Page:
rr-intervalHRV has been shown to be a predictor of illness in elite athletes. However, its ability to predict injury is yet to be validated in humans. It wasn’t so long ago that HRV tracking was only possible using expensive medical equipment, such as an electrocardiogram. Now, HRV can be reliably measured using health-tracking technology such as smartphone applications, heart rate monitors and finger-wave pulse sensors. This technology can accurately measure HRV during ultra-short durations (1 minute) in either a supine, seated or standing position.

Todays readinessWhile many metrics are used to measure HRV, the most common and (and arguably most reliable) is  the root-mean-square difference of successive normal R–R intervals (RMSSD). The RMSSD measure is the most valid and most-researched measure and is therefore practical to apply to sporting settings.

How HRV is used to determine recovery status

It is important to remember that HRV provides critical information about the function of the ANS and that it is also the most reliable measurement of ANS function. An increase in HRV represents a positive adaptation/better recovery status, while a reduction in HRV reflects stress and worse recovery status. Having said that, it is also important to note that higher is not always better, and lower is not always worse (this will be discussed below). But as a golden rule of thumb, the higher the athletes HRV, the fitter/better recovered they are, and vice versa.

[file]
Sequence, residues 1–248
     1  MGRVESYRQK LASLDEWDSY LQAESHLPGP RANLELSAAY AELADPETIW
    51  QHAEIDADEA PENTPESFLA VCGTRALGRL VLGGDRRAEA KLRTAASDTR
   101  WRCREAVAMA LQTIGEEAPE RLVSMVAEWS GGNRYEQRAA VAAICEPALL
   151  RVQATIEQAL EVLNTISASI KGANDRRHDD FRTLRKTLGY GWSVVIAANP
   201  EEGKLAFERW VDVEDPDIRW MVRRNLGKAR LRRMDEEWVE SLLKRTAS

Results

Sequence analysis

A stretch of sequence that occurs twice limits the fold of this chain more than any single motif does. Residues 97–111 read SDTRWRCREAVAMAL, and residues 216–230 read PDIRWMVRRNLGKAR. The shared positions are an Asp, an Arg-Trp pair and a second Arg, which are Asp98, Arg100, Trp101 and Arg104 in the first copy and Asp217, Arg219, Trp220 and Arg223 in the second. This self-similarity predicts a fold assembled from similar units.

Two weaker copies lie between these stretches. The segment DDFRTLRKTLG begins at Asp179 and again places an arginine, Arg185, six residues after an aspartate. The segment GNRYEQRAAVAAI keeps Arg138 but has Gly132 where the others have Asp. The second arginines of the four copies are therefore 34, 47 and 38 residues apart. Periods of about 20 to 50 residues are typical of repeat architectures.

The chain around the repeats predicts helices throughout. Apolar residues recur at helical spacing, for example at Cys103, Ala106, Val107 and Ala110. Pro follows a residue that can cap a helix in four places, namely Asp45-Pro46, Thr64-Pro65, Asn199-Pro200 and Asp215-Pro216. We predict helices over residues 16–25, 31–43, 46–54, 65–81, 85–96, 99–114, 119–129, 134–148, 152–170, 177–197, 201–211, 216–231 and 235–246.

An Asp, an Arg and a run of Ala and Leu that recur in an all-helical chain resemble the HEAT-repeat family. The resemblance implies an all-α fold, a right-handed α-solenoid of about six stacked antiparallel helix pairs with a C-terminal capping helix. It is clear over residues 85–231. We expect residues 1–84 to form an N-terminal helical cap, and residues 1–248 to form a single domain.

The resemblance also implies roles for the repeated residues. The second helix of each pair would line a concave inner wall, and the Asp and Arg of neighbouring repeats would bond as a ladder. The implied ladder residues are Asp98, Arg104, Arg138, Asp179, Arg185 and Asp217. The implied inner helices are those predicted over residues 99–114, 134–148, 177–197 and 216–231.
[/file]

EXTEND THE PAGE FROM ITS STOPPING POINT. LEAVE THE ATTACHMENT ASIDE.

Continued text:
The ANS comprises two branches: the sympathetic nervous system (SNS) and the parasympathetic nervous system (PSNS). The easiest way to distinguish the differences between these two branches is to associate fight or flight responses with the SNS and rest and digest responses with the PSNS. Therefore, the SNS increases heart rate and the PSNS slows it down.

How HRV is used to determine improved wellbeing

Numerous studies provide evidence that coherence training consisting of intentional activation of positive emotions, paired with HRV coherence feedback, facilitates significant improvements in wellness.

How HRV used to determine

5 tips for tracking HRV

1. Ensure consistency between readings

For more accurate and relevant comparisons, consistent and repeatable measurements should be performed as much as possible. This will minimise confounding factors or misleading results. When using HRV trends to make important health and performance decisions and assessment, athletes must ensure they are comparing ‘apples to apples’ and not ‘apples to oranges’. Factors that affect repeatability and comparability include: